Fallout of Farrell campaign violation remains unclear

A campaign consultant for Supervisor Mark Farrell has been ordered to pay a $14

A campaign consultant for Supervisor Mark Farrell has been ordered to pay a $14

The ramifications of a state fine for illegal campaigning related to Supervisor Mark Farrell's 2010 run for office remain uncertain, with a pending outstanding penalty of $191,000 and possible legal action by the City Attorney's Office.

The resolution of the matter was made no less clear when the Ethics Commission discussed it this week along with the possibility of the city attorney taking legal action related to the case. The five-member commission met in closed session and did not disclose what was discussed to the public afterwards, not an unusual occurrence.

In November, the state's Fair Political Practices Commission levied a $14,500 fine against Chris Lee — founder and president of Town Square Consulting, Farrell's 2010 campaign consultant — for coordinating with the independent political committee Common Sense Voters. Campaign laws prohibit the coordination between the two committees. Candidate committees have $500 contribution limits and different reporting requirements.

The FPPC's decision appears to be the first time such a penalty was levied in San Francisco related to coordination between a candidate's campaign committee and an independent expenditure committee.

Lee was found to have violated the Political Reform Act in five instances. The political practices commission's decision said that evidence showed Lee helped set up, fundraise and initially plan campaigning for Common Sense Voters. The political committee received $141,000 from Republican Thomas Coates, a real estate investor, and $50,000 from socialite and philanthropist Dede Wilsey.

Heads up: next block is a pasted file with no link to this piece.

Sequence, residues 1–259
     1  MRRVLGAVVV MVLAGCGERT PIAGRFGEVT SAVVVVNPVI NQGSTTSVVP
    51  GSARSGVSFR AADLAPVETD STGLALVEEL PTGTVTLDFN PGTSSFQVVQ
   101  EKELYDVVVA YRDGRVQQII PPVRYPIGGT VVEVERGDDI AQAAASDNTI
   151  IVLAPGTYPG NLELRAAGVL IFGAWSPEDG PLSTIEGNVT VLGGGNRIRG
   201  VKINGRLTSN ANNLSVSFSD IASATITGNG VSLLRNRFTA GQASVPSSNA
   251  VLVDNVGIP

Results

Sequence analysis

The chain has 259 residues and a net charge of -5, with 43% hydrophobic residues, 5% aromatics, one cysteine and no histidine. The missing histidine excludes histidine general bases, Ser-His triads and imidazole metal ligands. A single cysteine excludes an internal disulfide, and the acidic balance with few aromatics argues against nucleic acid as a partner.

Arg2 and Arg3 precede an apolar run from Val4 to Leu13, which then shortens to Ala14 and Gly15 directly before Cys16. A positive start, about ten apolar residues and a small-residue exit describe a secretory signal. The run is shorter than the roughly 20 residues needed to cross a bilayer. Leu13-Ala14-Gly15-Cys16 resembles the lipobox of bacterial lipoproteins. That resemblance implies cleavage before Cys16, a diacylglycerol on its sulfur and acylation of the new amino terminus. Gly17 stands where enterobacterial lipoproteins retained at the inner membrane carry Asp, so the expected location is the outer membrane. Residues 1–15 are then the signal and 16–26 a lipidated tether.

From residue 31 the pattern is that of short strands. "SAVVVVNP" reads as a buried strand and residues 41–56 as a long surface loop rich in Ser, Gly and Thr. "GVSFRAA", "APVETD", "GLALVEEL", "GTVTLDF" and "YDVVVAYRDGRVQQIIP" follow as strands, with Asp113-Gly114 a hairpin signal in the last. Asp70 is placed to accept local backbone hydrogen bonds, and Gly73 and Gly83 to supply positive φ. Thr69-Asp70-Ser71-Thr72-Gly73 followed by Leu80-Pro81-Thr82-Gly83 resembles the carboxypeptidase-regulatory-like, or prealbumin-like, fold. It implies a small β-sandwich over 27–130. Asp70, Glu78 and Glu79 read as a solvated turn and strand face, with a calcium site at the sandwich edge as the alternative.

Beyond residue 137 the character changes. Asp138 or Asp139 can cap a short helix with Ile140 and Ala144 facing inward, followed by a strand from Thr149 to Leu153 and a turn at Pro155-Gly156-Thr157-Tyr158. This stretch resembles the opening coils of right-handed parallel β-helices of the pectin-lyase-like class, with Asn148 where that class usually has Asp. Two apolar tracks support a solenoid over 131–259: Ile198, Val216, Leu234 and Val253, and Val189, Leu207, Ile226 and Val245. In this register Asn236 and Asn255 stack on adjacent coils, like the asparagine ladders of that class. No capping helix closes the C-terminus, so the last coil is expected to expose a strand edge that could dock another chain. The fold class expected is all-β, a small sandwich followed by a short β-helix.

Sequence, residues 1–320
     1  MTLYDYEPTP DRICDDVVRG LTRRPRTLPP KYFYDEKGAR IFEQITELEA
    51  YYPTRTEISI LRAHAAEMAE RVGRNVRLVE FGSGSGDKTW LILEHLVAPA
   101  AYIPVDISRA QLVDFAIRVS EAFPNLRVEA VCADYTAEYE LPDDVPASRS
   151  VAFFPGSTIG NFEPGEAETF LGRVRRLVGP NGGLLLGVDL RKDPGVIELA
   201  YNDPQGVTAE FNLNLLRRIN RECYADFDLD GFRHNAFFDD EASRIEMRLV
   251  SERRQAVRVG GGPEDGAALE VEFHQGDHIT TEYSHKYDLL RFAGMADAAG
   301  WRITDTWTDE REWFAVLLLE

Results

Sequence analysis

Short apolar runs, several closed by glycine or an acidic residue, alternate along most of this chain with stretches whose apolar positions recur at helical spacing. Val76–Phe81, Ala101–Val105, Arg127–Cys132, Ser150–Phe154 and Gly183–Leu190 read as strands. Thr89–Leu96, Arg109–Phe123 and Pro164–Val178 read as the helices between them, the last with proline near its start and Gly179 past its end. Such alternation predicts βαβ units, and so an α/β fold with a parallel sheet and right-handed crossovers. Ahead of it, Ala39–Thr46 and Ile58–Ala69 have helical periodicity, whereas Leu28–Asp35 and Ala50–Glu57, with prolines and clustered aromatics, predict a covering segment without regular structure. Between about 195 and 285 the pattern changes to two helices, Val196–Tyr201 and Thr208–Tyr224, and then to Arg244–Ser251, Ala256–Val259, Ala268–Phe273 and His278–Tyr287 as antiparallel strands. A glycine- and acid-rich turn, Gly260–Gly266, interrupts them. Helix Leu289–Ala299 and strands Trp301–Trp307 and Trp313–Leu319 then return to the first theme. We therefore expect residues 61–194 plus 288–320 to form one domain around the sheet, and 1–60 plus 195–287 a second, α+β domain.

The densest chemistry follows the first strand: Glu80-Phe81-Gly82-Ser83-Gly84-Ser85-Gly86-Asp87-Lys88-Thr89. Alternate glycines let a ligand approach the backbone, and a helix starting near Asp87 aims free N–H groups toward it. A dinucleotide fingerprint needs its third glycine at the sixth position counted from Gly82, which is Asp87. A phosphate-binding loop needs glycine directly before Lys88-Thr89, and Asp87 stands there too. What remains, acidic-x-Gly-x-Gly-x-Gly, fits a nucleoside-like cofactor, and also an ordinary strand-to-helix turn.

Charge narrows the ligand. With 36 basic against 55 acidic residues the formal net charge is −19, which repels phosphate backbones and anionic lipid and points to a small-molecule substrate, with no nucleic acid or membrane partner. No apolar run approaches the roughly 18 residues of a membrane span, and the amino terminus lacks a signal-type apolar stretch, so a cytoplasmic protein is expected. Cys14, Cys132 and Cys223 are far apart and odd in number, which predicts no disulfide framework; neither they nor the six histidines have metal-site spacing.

According to the FPPC's decision, the “evidence supports the finding that Mark Farrell did not authorize” Lee to coordinate with Common Sense Voters. Farrell, a more moderate candidate who was relatively unknown at the time, beat out well-known candidate Janet Reilly, who was seen as more progressive, in the supervisor race for District 2, which comprises the Marina and Pacific Heights.

Farrell was re-elected in November without facing serious opposition.

Following the penalty against Lee, the head of the Ethics Commission, John St. Croix, sent a Dec. 8 letter to Farrell saying that based on the FPPC decision, he had to forfeit $191,000, the amount Common Sense Voters spent in support of Farrell or in opposition to other District 2 candidates. The fine would be paid into The City's budget. The letter notes that the Ethics Commission may provide a waiver or reduce the amount. As of Thursday, Farrell had not forfeited the funds.

Farrell declined to comment for the story. Lee did not respond to requests for comment.

Bay Area NewsBoard of SupervisorsCity AttorneyGovernment & PoliticsMark FarrellPolitics

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